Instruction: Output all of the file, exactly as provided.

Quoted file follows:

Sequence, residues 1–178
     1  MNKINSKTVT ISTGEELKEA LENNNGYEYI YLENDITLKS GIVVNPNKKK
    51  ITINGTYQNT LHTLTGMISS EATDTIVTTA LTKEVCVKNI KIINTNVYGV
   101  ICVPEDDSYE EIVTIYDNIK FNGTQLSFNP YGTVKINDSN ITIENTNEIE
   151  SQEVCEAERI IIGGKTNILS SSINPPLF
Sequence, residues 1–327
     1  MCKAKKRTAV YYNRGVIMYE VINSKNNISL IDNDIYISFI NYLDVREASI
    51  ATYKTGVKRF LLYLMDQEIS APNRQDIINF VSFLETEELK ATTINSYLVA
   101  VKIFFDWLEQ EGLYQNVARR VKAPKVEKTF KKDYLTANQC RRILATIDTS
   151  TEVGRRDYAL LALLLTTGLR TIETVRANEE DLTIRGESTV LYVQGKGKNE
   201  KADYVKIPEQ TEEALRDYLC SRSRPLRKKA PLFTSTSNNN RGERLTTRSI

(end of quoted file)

Sequence, residues 1–178
     1  MNKINSKTVT ISTGEELKEA LENNNGYEYI YLENDITLKS GIVVNPNKKK
    51  ITINGTYQNT LHTLTGMISS EATDTIVTTA LTKEVCVKNI KIINTNVYGV
   101  ICVPEDDSYE EIVTIYDNIK FNGTQLSFNP YGTVKINDSN ITIENTNEIE
   151  SQEVCEAERI IIGGKTNILS SSINPPLF
Sequence, residues 1–327
     1  MCKAKKRTAV YYNRGVIMYE VINSKNNISL IDNDIYISFI NYLDVREASI
    51  ATYKTGVKRF LLYLMDQEIS APNRQDIINF VSFLETEELK ATTINSYLVA
   101  VKIFFDWLEQ EGLYQNVARR VKAPKVEKTF KKDYLTANQC RRILATIDTS
   151  TEVGRRDYAL LALLLTTGLR TIETVRANEE DLTIRGESTV LYVQGKGKNE
   201  KADYVKIPEQ TEEALRDYLC SRSRPLRKKA PLFTSTSNNN RGERLTTRSI